BLAINE, Wash. — The border shutdown between the United States and Canda has stopped all travel that is "not essential" due to the coronavirus pandemic. But, what about love? Families on both sides of the border have had to find creative ways to, legally, see each other in person.
So, during a time of so much divide, the Peace Arch Park has served as a reminder there is so much keeping us together.
"You don’t all have to be in the most perfect place. You can make anything beautiful if it’s about the right things," said Ryan Hamilton.
The 19-acre park in Blaine, Wash. straddles the international border. The Canadian government closed the Peace Arch Park in mid-June due to an influx of visitors.
Currently, Americans cannot step onto the street to the north and Canadians cannot cross onto the parking lot to the south. It's a small patch of land where the seemingly indefinite closure of the border just doesn't matter.
It's a place where Ryan, of Bellingham, and Savannah, of Abbotsford, Britsh Columbia, fell deeper in love.
"Who would have ever imagined that our borders would be closed for such a long time," said Savannah Hamilton.
The border between the two countries first closed in March in an attempt to stop the spread of the coronavirus. The closing has kept the newly engaged couple apart for more than three months.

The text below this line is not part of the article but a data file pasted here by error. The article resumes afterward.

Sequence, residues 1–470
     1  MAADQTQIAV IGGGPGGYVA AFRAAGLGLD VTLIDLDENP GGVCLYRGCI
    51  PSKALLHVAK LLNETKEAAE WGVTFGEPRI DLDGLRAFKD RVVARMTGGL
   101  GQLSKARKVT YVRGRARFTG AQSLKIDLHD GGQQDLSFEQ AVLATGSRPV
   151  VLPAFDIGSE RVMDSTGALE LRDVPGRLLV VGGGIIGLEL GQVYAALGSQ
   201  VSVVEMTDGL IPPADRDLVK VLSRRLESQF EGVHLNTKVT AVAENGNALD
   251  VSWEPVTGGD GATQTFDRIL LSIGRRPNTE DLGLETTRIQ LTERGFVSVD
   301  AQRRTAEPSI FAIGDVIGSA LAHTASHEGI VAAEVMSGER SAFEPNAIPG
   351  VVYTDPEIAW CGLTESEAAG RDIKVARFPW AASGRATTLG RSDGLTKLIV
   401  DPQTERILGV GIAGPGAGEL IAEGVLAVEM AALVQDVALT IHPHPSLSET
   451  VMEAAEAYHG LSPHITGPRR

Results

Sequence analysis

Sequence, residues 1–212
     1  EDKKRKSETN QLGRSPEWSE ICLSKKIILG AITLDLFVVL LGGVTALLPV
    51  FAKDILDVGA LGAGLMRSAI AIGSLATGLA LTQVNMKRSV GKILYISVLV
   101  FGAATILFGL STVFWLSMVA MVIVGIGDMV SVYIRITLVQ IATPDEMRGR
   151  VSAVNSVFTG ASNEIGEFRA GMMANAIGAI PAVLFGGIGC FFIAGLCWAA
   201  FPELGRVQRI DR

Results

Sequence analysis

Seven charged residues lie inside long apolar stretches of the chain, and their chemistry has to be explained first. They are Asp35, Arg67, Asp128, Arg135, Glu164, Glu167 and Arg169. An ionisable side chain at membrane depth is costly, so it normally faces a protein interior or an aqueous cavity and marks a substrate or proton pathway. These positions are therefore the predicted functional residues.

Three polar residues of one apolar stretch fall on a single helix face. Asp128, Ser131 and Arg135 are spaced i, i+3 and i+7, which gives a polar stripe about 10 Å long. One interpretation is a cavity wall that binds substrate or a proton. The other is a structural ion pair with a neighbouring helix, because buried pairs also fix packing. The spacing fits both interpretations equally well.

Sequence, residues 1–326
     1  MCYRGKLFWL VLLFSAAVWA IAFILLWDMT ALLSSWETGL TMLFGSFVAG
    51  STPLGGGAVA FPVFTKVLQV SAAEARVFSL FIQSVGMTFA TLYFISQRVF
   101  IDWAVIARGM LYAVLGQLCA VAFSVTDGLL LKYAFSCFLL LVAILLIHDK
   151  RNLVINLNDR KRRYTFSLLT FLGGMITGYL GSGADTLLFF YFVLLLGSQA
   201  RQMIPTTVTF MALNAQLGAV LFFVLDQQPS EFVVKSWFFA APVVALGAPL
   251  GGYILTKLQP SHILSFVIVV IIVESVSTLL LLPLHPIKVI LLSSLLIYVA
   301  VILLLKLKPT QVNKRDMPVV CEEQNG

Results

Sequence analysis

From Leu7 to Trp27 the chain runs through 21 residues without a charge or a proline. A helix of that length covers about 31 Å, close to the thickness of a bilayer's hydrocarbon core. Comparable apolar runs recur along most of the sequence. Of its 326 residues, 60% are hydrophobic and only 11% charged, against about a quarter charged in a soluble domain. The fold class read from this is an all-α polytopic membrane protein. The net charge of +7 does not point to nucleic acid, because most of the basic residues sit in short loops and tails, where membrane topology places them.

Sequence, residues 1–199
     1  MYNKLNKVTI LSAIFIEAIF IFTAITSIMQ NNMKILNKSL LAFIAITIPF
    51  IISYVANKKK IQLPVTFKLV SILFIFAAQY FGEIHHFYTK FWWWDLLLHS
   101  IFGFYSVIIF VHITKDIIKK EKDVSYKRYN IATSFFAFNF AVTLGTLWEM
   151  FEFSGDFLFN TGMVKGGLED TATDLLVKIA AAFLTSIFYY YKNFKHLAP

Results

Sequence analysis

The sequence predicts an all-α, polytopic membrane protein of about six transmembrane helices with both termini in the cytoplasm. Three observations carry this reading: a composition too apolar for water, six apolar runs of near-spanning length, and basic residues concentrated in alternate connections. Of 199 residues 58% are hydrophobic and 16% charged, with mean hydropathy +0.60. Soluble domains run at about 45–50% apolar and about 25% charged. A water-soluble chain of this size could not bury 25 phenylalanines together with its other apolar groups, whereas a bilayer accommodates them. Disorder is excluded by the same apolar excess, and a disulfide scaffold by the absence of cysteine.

"I texted Ryan and I said, 'the park’s open let’s make-out,'" Savannah said.
The young couple didn't want to wait for the world to reopen, so despite a global pandemic and a closed border, they found a way to get married in person.
The answer was a piece of private property offered up by a family friend that just so happened to straddle two countries.
"It’s hard to describe the emotion because we wanted to be so excited, and we were but I think there was an ounce in both of us where we were scared that something was going to go wrong," said Savannah.
During the ceremony, the Americans kept to the south and the Canadians to the north. Elderly relatives stayed home due to the coronavirus and the couple walked down an aisle of sorts.
"Our aisle was that borderline," Savannah said.
It all happened under the watchful eye of the U.S. Border Patrol.
"Just to be able to have both families together was so important to us," Savannah continued.
"It was quite strange but at the same time it was so fun because people got to come and to be there and see it," Ryan said.